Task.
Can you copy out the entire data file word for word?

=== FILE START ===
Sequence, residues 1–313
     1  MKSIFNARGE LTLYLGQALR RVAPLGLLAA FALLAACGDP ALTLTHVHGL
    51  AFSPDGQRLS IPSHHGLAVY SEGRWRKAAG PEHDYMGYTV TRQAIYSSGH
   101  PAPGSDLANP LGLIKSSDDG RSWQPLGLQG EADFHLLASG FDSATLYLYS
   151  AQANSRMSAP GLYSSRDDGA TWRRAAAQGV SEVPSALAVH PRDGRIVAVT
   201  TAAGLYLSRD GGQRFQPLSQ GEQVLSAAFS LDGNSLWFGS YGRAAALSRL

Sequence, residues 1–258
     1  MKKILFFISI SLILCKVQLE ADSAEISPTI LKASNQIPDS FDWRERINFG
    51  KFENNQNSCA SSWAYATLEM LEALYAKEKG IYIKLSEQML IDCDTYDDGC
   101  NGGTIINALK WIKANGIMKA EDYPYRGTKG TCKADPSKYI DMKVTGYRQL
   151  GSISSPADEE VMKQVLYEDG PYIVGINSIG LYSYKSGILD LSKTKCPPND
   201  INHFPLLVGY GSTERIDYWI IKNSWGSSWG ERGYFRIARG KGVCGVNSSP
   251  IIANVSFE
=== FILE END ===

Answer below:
Sequence, residues 1–313
     1  MKSIFNARGE LTLYLGQALR RVAPLGLLAA FALLAACGDP ALTLTHVHGL
    51  AFSPDGQRLS IPSHHGLAVY SEGRWRKAAG PEHDYMGYTV TRQAIYSSGH
   101  PAPGSDLANP LGLIKSSDDG RSWQPLGLQG EADFHLLASG FDSATLYLYS
   151  AQANSRMSAP GLYSSRDDGA TWRRAAAQGV SEVPSALAVH PRDGRIVAVT
   201  TAAGLYLSRD GGQRFQPLSQ GEQVLSAAFS LDGNSLWFGS YGRAAALSRL

Sequence, residues 1–258
     1  MKKILFFISI SLILCKVQLE ADSAEISPTI LKASNQIPDS FDWRERINFG
    51  KFENNQNSCA SSWAYATLEM LEALYAKEKG IYIKLSEQML IDCDTYDDGC
   101  NGGTIINALK WIKANGIMKA EDYPYRGTKG TCKADPSKYI DMKVTGYRQL
   151  GSISSPADEE VMKQVLYEDG PYIVGINSIG LYSYKSGILD LSKTKCPPND
   201  INHFPLLVGY GSTERIDYWI IKNSWGSSWG ERGYFRIARG KGVCGVNSSP
   251  IIANVSFE